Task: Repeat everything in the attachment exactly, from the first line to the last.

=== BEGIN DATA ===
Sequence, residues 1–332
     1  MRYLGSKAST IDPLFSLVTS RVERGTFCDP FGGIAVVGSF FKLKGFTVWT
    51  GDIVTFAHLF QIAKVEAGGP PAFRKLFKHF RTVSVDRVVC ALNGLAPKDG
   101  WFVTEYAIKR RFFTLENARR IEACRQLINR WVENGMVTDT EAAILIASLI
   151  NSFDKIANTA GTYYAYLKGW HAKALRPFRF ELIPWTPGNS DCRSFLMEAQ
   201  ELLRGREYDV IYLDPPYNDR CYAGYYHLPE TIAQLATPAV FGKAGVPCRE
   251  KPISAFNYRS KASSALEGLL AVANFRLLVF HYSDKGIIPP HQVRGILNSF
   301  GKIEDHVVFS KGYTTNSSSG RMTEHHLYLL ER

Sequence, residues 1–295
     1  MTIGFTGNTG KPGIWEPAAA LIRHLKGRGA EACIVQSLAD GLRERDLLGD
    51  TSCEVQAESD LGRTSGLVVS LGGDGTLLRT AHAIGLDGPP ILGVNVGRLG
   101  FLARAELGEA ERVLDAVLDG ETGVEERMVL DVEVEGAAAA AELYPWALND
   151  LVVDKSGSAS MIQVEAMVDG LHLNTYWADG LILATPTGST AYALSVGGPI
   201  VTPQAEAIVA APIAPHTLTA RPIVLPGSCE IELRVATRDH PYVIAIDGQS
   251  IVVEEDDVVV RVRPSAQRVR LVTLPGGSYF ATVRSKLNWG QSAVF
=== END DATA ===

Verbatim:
Sequence, residues 1–332
     1  MRYLGSKAST IDPLFSLVTS RVERGTFCDP FGGIAVVGSF FKLKGFTVWT
    51  GDIVTFAHLF QIAKVEAGGP PAFRKLFKHF RTVSVDRVVC ALNGLAPKDG
   101  WFVTEYAIKR RFFTLENARR IEACRQLINR WVENGMVTDT EAAILIASLI
   151  NSFDKIANTA GTYYAYLKGW HAKALRPFRF ELIPWTPGNS DCRSFLMEAQ
   201  ELLRGREYDV IYLDPPYNDR CYAGYYHLPE TIAQLATPAV FGKAGVPCRE
   251  KPISAFNYRS KASSALEGLL AVANFRLLVF HYSDKGIIPP HQVRGILNSF
   301  GKIEDHVVFS KGYTTNSSSG RMTEHHLYLL ER

Sequence, residues 1–295
     1  MTIGFTGNTG KPGIWEPAAA LIRHLKGRGA EACIVQSLAD GLRERDLLGD
    51  TSCEVQAESD LGRTSGLVVS LGGDGTLLRT AHAIGLDGPP ILGVNVGRLG
   101  FLARAELGEA ERVLDAVLDG ETGVEERMVL DVEVEGAAAA AELYPWALND
   151  LVVDKSGSAS MIQVEAMVDG LHLNTYWADG LILATPTGST AYALSVGGPI
   201  VTPQAEAIVA APIAPHTLTA RPIVLPGSCE IELRVATRDH PYVIAIDGQS
   251  IVVEEDDVVV RVRPSAQRVR LVTLPGGSYF ATVRSKLNWG QSAVF